In 2003, 269 barstool seats were added atop Fenway Park’s fabled left-field wall. Fans had first heard of the idea the previous year, when the team’s Vice President/Planning and Development Janet Marie Smith mentioned the possibility of seats atop the iconic wall. Unveiled on Opening Day, April 12, 2003, the Green Monster Seats instantly became some of the most coveted tickets in baseball. Boston Magazine would later dub the seats as the best seats in Boston and in 2008, the seats topped a list of the 10 best seats in baseball compiled by USA Today, which combined nominations from readers and votes from their staff.

Along with the new Green Monster Seats, permanent advertisements were featured above the left-field wall, similar to the temporary signs that were installed in 2002. On the actual wall, National League scores were added to the left-field scoreboard for the first time since the wall was rebuilt in 1975, and advertisements were placed on the wall itself for the first time since 1946.

In addition to adding the Green Monster Seats, the team also expanded the Dugout Seats beyond each dugout towards the outfield and built 87 Home Plate Seats by moving the backstop closer to home plate. Despite these additions, the capacity of the ballpark remained the same because the club converted standing room into new ticketed seats.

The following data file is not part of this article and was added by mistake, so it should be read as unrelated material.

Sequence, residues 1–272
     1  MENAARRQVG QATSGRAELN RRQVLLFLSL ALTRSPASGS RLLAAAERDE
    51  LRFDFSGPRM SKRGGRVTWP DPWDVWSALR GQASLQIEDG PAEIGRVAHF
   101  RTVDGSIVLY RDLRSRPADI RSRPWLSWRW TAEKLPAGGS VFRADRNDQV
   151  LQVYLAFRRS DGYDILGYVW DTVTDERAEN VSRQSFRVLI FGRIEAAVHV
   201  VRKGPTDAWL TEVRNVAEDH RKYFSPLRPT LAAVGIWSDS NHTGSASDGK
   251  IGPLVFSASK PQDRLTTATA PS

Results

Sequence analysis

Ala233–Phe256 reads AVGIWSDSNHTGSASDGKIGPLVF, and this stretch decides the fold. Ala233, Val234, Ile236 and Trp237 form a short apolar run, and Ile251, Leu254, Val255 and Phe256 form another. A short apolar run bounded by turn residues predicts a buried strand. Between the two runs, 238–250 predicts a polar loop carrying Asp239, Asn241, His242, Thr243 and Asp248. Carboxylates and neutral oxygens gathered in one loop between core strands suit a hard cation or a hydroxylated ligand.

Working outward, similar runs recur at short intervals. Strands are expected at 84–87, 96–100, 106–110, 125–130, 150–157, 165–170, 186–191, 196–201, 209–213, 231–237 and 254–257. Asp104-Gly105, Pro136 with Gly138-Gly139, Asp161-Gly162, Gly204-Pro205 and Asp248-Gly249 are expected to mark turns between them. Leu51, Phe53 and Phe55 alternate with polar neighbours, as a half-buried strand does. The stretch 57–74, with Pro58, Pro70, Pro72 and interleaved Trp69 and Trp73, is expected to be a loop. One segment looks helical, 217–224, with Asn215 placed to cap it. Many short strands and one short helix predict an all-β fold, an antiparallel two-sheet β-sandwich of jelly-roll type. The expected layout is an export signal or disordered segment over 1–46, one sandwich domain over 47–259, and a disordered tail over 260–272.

After proving successful during a one-month trial the previous September, the Yawkey Way Concourse officially opened at the start of the 2003 season. In August 2003, after a gradual soft opening, the opposite side of the ballpark received a major upgrade in concourse space when a new Big Concourse was officially unveiled. Fans found 25,000 more square feet of space in this expanded area beneath the bleachers and right-field grandstand and enjoyed new menu options from new concessions stands with their own kitchens. Along with new, larger restrooms (including the largest women’s’ room in the Major Leagues), the width of the concourse doubled from 30 feet to 60 feet and usable space between Gate B and Gate C tripled, complete with picnic tables and other family friendly amenities.